Sunday, September 29, 2013

chicken head tracking

There few things I enjoy more than chicken head tracking. Check out this new Mercedes-Benz commercial!  Apparently, the video is highlighting the The Magic Body Control system which combines the "advantages of the Active Body Control (ABC, which is an active suspension system) with the newly-developed Road Surface Scan function, which is a stereo camera that scans the road ahead and prepares the car's suspension for uneven surfaces."  (If you are interested in the car-related stuff, you can read more here.)  But, on to chickens... 

Here's perhaps the most "famous" chicken-head tracking video:

Here's a post on npr where Krulwich ponders this same topic.  I tried to find some scientific sources to explain why this happens, the closest I found was an article entitled "How some birds keep their eyes on the prize" (which was eventually published) explaining the "aerodynamic trick [which] enables a bird to attain stabilized vision beneficial for the inspection of the environment."

Apparently, NASA originally did research on the vestibular sensory system of owls, back when they were looking at the effects of space travel on humans.  As this post does a good job explaining,
The vestibular system, located in the inner ear, is used by many vertebrates to maintain their sense of balance. It is comprised of three semi-circular canals that contain small "rocks", properly known as otoliths. Together, they provide information to the brain about the movement and location of one's head and body in space. 
It works like this: the three semicircular canals sense rotational movements and the otoliths sense linear accelerations. This information is integrated by the brain and used to help control eye movements so we don't become dizzy and to help our postural muscles keep us upright. 
So, humans participate in head-tracking, too, but birds (and some other animals) are just ridiculously good at it.  (The aforementioned post also includes an owl-head tracking video, compliments of this NASA research.)  You can read WAY more about the inner ear and your vestibular system on this NASA page.

Finally, according to some sources, the chicken head tracking commercials are not all that original.

Saturday, September 14, 2013

meet the Algaculture Symbiosis Suit - or algae helmet!

Last year, artists Michael Burton and Michiko Nitta (known as Burton Nitta) debuted the Algaculture Symbiosis Suit outside the Victoria and Albert Museum. There, an opera singer wore the suit and sang to the crowd, generating enough new algae populations during her performance that audience members were treated to a post-show snack.  According to a video clip, the "composition of the song and the singer's vocal technique are redesigned to specifically produce algae and enrich its taste. To do this, the composer and singer use the new science of sonic enhancement of food where different pitches and frequencies make food taste either bitter or sweet."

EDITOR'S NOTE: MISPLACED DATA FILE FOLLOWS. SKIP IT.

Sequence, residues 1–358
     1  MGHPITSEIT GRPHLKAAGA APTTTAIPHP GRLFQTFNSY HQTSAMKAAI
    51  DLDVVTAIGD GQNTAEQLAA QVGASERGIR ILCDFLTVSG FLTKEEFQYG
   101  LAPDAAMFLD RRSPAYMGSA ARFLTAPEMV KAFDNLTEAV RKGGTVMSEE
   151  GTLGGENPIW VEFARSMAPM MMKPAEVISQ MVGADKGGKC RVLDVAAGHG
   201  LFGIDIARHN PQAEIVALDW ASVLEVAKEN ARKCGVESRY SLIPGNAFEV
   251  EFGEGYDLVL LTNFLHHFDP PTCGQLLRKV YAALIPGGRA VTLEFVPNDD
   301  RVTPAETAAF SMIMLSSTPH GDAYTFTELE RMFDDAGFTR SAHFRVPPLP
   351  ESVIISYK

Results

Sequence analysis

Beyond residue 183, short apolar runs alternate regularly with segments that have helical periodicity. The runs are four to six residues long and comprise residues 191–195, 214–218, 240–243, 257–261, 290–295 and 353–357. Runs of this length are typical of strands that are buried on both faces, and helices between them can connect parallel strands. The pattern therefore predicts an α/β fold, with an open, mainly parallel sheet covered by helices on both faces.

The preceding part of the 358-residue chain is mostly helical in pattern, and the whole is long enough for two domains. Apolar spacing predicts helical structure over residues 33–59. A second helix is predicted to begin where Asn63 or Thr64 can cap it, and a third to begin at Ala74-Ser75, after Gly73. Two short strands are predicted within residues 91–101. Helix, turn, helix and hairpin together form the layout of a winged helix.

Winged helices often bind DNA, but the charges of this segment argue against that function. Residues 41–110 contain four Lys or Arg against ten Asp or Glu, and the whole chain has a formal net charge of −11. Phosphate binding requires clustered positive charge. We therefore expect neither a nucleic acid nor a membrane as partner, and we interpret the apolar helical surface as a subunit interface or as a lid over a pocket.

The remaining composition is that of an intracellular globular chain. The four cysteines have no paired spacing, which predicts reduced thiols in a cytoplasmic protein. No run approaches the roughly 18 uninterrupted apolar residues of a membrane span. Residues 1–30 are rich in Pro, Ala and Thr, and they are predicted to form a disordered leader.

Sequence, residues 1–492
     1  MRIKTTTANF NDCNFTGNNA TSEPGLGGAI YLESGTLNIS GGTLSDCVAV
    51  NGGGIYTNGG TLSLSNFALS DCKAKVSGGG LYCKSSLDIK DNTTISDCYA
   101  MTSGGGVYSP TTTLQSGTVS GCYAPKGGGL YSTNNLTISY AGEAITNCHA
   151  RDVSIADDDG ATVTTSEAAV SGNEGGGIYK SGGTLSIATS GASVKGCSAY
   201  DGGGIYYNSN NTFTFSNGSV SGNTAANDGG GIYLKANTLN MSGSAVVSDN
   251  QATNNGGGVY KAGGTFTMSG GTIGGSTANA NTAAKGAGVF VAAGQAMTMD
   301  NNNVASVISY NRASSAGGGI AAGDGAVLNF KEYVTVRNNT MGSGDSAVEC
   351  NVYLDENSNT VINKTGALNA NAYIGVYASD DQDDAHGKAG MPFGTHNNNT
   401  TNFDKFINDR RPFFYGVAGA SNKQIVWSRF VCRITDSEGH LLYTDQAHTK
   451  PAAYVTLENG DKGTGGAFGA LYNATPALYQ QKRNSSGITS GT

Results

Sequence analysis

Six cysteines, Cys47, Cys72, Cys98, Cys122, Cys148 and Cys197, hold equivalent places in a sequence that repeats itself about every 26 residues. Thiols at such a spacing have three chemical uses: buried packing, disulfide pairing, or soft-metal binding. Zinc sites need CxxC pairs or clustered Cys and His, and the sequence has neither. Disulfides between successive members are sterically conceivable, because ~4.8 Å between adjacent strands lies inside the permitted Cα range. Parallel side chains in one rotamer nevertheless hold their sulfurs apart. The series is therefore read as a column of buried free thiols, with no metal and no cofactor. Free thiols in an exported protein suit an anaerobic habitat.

But this is not just for opera singers.  You, too, could wear an algae helmet!

A series of tubes, placed in front of the mouth, capture carbon dioxide and feed it to a constantly-growing population of suit-embedded algae. But algae needs sunlight to grow, right? Easy, the wearer just needs to sit by a window or go outside. (source)

Burton Nitta call their creation Algaculture, and describes it as designing a "new symbiotic relationship between humans and algae" in which we become semi-photosynthetic! You can read more here or on their website where you can scroll down to see more pictures and an even creepier video.

Tuesday, September 10, 2013

what does The Fox say?

It's been one week since this video was posted and has become quite the meme at our middle school.  This tune is one of a string of wacky videos made by Ykvis (brothers Vegard and Bård Ylvisåker) for their late night comedy show.  The tune is catchy and fun, and the lyrics are hilarious!

My favorite part is the flurry of media that has been created around what the fox actually DOES say.  (Wired, Huffington Post (inclluding its ridiculous comedic remix), and a fabulous article by Popular Science)
In Norway, where Ylvis is from, there are two species of fox: the arctic fox (Vulpes lagopus) and the red fox (Vulpes vulpes). Here in the States, we have a few others, like the gray fox and the kit fox. All species of fox have a pretty wide variety of vocalizations, just as dogs and cats do. It's simple to reduce, say, a dog's vocalizations to "bark," but as any owner knows, dogs can yelp, whine, howl, growl, and make all kinds of other sounds. Foxes aren't quite as varied in their vocalizations as dogs, but they're still capable of making lots of different sounds. [PopSci]

But, in reality, most of us are happy to hypothesize along with Ylvis.

“A-hee-ahee ha-hee”